Time sleeps and his scythe is broken for those who live in this house.
— Armistead Peter 3rd, last private owner of Tudor Place
Washington, DC –The house and garden at Tudor Place suggest a timelessness that is only partly accurate. As an estate, it’s survived more than two centuries and served six generations of one family. As a public museum, though, it’s an up-and-comer, an adolescent on a growth spurt with admired and award-winning education, collections, and research programs. Loyal support from members and donors since its 1988 opening has advanced the museum’s mission of bringing people closer to their own stories and the American story.
Unlike most historic houses, Tudor Place presents not one specific era or topic, but six generations of public and private life, indoors and out, from the agricultural era to the Cold War. No head count can be found for the museum’s inaugural house tour, on October 8, 1988. What can be known is that the site, which in its first three years combined served just 25,000 visitors, now hosts almost that many every year. Of 400,000 counted since 1988, more than a quarter, 121,820, visited since 2013. They include more than 3,000 pre-K-through-high school students annually.
When the museum was new, “the typical visitor was a Washingtonian,” often from the neighborhood, said Elizabeth Taylor, a former economist who delivered the museum’s first tour and still serves as a docent. Today, the museum attracts visitors from across and beyond the United States, as well. In 2017, TripAdvisor listed Tudor Place among the top 100 Things to Do in Washington (number 72 at press time), a rare accolade for a small site among more than 500 competing listings.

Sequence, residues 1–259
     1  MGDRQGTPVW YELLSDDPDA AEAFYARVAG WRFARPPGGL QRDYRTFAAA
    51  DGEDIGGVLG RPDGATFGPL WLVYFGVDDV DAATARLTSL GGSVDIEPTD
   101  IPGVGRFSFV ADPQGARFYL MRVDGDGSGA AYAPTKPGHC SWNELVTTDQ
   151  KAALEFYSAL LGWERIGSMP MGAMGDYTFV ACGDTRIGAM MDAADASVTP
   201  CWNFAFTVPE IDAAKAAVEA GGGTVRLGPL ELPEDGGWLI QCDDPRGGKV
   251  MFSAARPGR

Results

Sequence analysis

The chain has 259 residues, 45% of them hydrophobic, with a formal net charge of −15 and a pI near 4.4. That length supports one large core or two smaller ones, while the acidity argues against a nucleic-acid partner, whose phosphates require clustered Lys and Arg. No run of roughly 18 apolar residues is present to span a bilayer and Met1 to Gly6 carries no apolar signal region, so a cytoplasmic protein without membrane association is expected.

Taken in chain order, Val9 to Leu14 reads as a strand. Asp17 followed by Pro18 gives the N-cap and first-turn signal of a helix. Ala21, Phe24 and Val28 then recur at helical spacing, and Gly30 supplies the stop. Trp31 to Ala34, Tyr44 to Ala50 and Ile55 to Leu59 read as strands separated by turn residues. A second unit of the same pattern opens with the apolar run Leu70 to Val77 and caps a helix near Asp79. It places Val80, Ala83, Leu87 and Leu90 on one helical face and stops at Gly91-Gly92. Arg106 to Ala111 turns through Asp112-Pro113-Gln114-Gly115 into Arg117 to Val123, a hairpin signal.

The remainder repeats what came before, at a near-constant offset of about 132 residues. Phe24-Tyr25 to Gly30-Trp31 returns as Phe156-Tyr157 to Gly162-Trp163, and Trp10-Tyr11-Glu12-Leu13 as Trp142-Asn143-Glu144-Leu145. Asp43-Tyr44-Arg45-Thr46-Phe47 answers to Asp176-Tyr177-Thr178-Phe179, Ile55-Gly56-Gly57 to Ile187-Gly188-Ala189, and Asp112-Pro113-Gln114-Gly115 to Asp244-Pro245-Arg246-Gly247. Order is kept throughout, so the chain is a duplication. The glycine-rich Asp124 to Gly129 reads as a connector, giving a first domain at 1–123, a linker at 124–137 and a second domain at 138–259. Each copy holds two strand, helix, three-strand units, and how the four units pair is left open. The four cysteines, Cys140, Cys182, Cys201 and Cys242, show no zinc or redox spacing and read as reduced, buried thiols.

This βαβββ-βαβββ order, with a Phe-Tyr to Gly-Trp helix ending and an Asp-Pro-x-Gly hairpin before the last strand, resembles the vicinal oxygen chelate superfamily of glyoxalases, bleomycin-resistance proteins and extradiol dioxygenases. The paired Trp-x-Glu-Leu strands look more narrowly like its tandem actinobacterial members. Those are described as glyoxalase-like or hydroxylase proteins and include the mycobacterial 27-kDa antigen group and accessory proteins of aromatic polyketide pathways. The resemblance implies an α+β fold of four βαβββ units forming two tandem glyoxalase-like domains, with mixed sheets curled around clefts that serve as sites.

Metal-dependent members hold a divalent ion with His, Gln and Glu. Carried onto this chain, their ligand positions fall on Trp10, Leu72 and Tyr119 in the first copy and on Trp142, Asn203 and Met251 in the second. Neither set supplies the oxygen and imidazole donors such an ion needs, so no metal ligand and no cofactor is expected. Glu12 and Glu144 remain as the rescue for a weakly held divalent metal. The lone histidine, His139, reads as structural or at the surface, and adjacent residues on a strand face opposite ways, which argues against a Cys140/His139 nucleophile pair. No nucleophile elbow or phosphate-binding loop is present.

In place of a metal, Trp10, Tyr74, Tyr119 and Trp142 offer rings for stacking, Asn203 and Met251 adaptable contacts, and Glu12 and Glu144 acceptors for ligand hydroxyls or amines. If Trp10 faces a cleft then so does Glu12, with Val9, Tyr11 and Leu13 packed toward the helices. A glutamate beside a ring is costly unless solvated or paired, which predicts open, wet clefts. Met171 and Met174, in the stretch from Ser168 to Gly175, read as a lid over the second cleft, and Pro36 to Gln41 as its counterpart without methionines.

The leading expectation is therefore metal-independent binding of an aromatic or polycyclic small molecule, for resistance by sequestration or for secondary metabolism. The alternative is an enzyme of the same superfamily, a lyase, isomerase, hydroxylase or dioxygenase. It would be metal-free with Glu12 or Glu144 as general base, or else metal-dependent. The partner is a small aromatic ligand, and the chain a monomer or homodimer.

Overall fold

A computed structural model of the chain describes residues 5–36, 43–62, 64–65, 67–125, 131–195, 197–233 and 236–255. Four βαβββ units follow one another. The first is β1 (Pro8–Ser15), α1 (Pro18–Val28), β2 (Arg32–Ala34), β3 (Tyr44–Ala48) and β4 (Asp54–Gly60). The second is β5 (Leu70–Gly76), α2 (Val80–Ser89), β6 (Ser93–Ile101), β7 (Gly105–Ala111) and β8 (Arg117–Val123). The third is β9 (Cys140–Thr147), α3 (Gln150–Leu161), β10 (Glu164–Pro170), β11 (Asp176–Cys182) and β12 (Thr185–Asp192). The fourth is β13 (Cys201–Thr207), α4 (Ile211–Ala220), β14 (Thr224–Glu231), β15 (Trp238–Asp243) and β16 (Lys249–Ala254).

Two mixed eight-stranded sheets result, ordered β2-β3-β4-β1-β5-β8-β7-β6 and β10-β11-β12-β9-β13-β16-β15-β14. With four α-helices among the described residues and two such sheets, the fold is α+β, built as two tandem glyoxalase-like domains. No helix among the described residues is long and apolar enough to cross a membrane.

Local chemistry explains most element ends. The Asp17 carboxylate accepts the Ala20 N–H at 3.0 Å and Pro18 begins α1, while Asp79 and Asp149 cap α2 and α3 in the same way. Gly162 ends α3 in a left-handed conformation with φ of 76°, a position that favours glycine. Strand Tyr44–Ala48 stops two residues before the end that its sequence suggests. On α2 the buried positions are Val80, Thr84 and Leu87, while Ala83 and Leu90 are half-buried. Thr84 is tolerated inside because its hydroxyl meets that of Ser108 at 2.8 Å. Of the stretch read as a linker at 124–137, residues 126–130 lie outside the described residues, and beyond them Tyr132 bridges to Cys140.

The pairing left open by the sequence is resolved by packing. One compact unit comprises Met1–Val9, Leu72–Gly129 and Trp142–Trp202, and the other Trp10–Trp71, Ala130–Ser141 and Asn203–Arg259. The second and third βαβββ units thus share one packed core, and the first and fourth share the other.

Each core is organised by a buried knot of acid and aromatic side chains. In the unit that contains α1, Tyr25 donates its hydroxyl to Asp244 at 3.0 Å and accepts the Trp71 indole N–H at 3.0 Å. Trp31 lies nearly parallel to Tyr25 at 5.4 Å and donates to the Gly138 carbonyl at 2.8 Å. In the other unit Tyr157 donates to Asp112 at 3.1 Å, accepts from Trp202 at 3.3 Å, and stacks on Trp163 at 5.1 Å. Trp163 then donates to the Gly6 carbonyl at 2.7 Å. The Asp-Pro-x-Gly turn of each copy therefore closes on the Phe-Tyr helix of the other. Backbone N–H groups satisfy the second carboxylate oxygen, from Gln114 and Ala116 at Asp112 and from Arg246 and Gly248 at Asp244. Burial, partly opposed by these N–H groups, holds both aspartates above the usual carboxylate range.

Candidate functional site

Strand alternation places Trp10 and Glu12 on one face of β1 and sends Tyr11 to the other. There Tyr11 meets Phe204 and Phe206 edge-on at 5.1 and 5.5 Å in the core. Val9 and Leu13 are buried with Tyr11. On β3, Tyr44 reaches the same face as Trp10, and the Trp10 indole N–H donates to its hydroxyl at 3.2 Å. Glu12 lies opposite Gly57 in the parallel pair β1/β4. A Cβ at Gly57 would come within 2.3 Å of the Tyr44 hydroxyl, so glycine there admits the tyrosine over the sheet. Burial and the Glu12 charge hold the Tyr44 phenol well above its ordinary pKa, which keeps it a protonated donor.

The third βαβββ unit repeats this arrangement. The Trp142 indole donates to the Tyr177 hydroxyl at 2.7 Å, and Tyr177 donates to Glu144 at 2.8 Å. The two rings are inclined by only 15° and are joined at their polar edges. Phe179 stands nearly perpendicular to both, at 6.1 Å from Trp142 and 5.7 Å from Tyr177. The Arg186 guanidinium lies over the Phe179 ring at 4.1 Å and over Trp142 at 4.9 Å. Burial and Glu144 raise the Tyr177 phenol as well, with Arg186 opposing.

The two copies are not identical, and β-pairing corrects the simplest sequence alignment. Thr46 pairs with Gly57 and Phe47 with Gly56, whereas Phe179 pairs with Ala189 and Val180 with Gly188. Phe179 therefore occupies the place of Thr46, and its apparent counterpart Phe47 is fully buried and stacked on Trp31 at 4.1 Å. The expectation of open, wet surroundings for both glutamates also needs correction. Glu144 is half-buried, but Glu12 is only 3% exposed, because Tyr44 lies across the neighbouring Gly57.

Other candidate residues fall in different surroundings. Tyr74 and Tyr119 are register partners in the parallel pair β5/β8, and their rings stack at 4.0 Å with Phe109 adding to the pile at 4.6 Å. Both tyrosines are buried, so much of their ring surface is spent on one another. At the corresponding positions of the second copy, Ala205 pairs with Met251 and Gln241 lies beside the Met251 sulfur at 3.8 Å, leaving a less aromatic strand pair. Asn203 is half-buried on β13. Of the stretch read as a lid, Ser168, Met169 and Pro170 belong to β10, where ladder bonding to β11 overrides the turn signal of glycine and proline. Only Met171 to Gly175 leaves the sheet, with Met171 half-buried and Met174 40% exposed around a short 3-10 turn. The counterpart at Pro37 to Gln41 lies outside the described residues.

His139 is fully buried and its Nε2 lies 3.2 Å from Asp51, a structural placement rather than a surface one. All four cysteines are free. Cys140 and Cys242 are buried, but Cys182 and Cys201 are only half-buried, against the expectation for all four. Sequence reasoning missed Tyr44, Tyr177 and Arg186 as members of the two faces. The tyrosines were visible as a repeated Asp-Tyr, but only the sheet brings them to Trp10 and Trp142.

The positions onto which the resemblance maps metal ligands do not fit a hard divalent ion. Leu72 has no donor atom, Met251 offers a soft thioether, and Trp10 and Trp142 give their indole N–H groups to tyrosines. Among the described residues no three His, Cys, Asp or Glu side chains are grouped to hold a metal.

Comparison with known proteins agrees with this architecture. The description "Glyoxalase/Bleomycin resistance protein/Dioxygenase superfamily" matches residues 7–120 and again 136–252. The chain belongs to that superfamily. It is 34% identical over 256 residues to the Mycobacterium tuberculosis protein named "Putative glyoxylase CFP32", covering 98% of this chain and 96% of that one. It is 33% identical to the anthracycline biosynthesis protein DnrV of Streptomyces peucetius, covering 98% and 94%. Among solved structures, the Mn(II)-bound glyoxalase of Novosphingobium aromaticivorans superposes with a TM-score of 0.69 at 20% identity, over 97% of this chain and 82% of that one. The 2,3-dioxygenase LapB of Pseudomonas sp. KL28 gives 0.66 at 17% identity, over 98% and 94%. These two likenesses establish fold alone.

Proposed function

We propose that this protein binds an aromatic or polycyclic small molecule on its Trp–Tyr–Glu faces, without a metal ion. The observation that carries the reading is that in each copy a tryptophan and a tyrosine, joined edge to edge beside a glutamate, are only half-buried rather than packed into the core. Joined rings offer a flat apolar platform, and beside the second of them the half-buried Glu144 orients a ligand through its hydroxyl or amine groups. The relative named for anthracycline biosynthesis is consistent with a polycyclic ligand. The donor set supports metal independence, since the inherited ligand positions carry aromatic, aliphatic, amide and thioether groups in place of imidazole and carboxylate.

In addition to guided tours, a full calendar of public programs gives locals and members more reasons to visit and to return. The museum is known for innovative education and public programs for all ages, supported by a cohort of roughly 50 docents and garden and program volunteers. Its field trip modules meet standards of learning in several disciplines for both one-time visits and year-long partnerships. community favorites like Eggstravaganza, the Earth Day plant sale and picnic, and Tudor Nights themed evenings rank alongside meaty staples like Landmark Society lectures, weekly enrichment programs for tots, and garden programs from guided tours to botanical art classes. The annual spring garden party, first hosted by the Peters in the 1960s, is now a staple of Washington’s social season and the museum’s largest single fundraiser.
Tudor Place enters its third century with a Master Preservation Plan to ensure the future of collections and archive and foster sustainability in building landscape management. The museum has made great strides in 30 years to assess its collection and archive and plan for their future maintenance. When the museum opened, the collection was only partially plumbed; surprises and unlabeled treasures lay in boxes and unopened trunks stacked in closets, back rooms, and attics. More than 200,000 archival items and 15,000 objects now have been assessed, catalogued, and formally accessioned, as have thousands of trees, shrubs, and plants across the five-and-a-half-acre site, enriching interpretation and the visitor experience.
The staff increasingly extends interpretation off-site, as well, through lectures around the region and staff appearances on C-Span and other media. The publication in 2016 of “Tudor Place: America’s Story Lives Here, in collaboration with the White House Historical Association, also broadens access to the treasures housed here.
ABOUT TUDOR PLACE: America’s story lives here! Having celebrated its 2016 Bicentennial, Tudor Place is one of the nation’s finest and best preserved neoclassical estates, built by Martha Washington’s granddaughter and lived in by six generations of her family. Through landscape, architecture, and collections, it tells the story of a family and their young nation, showcasing American design, labor, politics, and technology from the agricultural to the digital age. The William Thornton-designed historic house features furnishings, art, and domestic artifacts collected and used by a family and their enslaved workers and servants over 200 years. In the 5½-acre garden, dotted among varied garden “rooms” and landscape features, visitors will find a 1919 Pierce-Arrow motorcar and the District’s oldest exhibited smoke house. House tours are offered hourly, Tuesday through Sunday.